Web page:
Britain Has Exported Over 50 Tonnes of Shark Fins since 2017
Conservation organization WildAid estimates that shark finning — the act of cutting off a shark's fin for its meat — could be responsible for the death of an estimated 73 million sharks every year.
The controversial practice is, unfortunately, part of a culinary tradition that many people don't want to turn their backs on, despite the devastating impact it can have on ecosystems.
Now, Greenpeace has flagged the fact that Britain is responsible for fueling the practice, with more than 50 tonnes of shark fins exported since 2017.
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The shark fin trade
The trade is largely fueled by demand for shark fins in Asia, where shark fin soup is seen as a delicacy.
Greenpeace's Unearthed analyzed HM Revenue and Customs data from Britain, revealing that hundreds of thousands of pounds worth of shark fin exports have been made since the start of 2017.
The vast majority of these went to Spain, which is itself a big exporter of shark fins, and other kinds of seafood such as tuna, to Asia.
Breaking down the analysis
According to Greenpeace, the UK sent roughly 12 tonnes of shark fins to Spain in the first five months of 2019, at a total worth of £92,000.
In 2018, the UK exported 29.7 tonnes of fresh shark fins, worth £216,000. In 2017, a little over 10 tonnes were exported.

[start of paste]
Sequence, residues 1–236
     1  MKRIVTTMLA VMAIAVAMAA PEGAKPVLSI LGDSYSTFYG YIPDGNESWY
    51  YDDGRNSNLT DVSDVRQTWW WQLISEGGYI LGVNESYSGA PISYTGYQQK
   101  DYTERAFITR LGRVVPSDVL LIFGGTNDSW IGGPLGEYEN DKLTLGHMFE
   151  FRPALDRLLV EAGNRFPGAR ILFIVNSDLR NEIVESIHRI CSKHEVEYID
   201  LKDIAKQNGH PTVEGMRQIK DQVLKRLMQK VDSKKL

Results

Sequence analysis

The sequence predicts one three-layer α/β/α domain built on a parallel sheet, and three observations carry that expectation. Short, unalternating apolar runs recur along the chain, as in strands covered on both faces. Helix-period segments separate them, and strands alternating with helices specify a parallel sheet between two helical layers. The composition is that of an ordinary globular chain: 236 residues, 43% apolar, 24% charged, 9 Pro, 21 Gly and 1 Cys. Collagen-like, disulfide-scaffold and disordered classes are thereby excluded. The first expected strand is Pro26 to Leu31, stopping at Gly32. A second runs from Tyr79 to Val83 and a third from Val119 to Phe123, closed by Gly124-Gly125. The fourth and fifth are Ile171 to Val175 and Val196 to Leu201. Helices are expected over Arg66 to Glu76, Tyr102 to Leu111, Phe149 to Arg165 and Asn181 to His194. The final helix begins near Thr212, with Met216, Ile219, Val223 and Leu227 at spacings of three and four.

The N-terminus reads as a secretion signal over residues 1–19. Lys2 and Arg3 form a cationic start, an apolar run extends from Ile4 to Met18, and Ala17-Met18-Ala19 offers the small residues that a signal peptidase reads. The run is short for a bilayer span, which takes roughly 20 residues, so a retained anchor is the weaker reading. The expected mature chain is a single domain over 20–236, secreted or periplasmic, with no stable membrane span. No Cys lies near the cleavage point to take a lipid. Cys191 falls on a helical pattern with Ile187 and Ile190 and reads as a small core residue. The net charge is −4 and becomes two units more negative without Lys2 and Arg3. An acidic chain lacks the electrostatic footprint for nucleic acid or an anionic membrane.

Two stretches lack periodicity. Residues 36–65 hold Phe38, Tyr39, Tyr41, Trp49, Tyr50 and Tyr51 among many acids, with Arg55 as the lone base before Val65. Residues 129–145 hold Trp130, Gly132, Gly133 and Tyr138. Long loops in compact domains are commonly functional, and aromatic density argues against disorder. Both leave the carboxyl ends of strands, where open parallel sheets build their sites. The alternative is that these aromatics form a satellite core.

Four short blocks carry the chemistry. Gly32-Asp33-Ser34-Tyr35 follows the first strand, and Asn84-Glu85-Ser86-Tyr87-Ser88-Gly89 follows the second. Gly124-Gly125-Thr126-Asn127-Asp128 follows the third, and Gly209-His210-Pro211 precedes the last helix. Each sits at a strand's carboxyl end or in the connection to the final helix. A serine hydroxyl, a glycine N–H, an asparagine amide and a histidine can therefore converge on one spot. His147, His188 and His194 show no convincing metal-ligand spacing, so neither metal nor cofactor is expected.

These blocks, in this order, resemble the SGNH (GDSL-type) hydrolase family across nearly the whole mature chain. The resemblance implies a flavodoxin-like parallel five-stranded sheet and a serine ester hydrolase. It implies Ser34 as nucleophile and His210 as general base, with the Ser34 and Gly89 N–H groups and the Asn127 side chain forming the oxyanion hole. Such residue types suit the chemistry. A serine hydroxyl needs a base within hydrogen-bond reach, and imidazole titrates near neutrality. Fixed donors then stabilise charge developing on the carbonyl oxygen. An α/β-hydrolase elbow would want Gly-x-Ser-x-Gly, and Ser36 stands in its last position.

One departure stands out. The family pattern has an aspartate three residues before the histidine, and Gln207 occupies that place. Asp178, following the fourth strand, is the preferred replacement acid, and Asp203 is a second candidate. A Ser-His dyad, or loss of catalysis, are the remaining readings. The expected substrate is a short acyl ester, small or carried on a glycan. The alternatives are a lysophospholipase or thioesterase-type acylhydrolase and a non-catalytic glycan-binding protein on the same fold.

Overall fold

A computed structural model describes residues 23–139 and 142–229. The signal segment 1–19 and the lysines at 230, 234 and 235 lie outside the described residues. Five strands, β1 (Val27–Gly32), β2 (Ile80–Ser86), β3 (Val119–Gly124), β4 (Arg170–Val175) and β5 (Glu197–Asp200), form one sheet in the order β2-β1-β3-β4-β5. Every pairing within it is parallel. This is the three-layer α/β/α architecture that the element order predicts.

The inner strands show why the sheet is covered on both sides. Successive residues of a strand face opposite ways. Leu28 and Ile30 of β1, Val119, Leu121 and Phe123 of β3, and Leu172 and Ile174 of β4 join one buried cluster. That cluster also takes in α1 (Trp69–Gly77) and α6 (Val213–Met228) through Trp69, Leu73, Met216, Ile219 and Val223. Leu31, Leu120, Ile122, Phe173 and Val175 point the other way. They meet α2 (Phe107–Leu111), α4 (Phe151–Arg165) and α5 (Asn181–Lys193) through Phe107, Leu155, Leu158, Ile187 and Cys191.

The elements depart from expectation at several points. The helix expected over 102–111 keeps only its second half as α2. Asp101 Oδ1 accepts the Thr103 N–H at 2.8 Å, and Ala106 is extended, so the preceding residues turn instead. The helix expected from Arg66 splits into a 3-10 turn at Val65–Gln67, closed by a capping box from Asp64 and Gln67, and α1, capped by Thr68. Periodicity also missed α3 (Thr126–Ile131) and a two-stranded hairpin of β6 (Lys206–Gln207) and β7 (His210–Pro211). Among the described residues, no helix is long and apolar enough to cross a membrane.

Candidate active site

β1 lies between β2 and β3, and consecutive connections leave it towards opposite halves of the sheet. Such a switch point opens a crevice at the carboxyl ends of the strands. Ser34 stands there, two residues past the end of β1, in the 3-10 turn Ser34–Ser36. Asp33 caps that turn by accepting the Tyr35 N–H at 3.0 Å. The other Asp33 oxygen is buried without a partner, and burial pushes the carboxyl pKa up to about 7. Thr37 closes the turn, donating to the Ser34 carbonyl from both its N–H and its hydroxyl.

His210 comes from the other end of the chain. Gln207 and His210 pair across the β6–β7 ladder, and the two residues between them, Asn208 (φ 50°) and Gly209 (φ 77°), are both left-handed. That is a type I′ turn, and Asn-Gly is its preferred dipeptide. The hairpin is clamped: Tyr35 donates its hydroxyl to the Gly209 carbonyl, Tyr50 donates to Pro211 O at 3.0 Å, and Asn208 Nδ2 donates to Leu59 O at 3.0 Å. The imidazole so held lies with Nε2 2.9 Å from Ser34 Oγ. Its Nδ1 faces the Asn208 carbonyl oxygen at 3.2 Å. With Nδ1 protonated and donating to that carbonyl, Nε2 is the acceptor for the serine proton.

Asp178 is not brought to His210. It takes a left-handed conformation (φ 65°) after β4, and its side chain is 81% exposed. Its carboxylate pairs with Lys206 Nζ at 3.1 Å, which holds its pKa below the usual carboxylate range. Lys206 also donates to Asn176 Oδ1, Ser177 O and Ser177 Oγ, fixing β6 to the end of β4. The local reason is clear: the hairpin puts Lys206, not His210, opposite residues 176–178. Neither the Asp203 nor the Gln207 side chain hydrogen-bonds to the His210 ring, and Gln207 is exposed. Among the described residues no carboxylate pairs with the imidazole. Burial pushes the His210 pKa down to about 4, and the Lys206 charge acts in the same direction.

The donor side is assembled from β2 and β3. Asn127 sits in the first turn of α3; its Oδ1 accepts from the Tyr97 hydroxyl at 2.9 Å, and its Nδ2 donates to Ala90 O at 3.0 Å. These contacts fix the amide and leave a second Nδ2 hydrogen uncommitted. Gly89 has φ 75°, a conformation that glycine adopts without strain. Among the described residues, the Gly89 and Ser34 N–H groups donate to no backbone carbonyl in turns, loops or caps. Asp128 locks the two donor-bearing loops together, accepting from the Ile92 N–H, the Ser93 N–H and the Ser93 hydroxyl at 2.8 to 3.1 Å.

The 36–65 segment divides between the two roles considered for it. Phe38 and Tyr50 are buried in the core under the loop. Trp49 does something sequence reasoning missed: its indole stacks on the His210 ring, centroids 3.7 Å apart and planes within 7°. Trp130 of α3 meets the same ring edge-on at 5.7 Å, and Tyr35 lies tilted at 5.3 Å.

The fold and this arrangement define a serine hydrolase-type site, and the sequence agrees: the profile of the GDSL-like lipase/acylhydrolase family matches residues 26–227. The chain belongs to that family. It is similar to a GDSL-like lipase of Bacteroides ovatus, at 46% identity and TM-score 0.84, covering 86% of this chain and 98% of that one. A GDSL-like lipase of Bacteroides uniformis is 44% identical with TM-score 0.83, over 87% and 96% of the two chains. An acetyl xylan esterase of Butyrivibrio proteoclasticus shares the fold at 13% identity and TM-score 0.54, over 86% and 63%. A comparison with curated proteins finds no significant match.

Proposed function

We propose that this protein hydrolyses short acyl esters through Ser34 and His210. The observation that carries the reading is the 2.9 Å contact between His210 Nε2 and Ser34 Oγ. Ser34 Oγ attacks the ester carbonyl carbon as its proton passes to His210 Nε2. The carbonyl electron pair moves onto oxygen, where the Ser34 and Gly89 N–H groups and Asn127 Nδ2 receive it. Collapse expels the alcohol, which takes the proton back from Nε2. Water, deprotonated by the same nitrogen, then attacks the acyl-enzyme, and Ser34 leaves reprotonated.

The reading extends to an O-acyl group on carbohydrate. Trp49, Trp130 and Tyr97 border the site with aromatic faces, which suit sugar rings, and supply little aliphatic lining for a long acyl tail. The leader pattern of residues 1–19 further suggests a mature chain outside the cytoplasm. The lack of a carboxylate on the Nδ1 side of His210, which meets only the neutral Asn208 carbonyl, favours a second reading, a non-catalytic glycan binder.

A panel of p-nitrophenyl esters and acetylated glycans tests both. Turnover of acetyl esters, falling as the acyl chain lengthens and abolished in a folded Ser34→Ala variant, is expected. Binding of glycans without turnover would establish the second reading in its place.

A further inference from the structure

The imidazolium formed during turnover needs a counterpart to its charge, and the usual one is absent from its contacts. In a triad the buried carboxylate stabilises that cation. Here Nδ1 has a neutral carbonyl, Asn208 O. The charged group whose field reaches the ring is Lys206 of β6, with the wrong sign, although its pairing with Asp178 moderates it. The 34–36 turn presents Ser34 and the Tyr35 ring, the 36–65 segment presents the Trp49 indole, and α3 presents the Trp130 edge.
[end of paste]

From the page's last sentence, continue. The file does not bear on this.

Activists are drawing attention to the fact that the UK is increasingly becoming a part of this controversial trade network.
Brexit boon for sharks?
A spokesman for the Department for Environment, Food and Rural Affairs told Greenpeace:
“While we’re a member of the EU it is not possible to introduce additional restrictions on shark-fin trade, but leaving the EU will give us an opportunity to consider further controls.”
As with anything Brexit-related, however, there are zero guarantees that further controls will actually be sanctioned.
High profile campaigns against shark finning, rhino horn, and ivory trade have been backed by the likes of David Beckham, Lupita Nyong'o and Jackie Chan.
In 2016, researchers at Bournemouth University found that overfishing of sharks could have a negative impact on the global climate.
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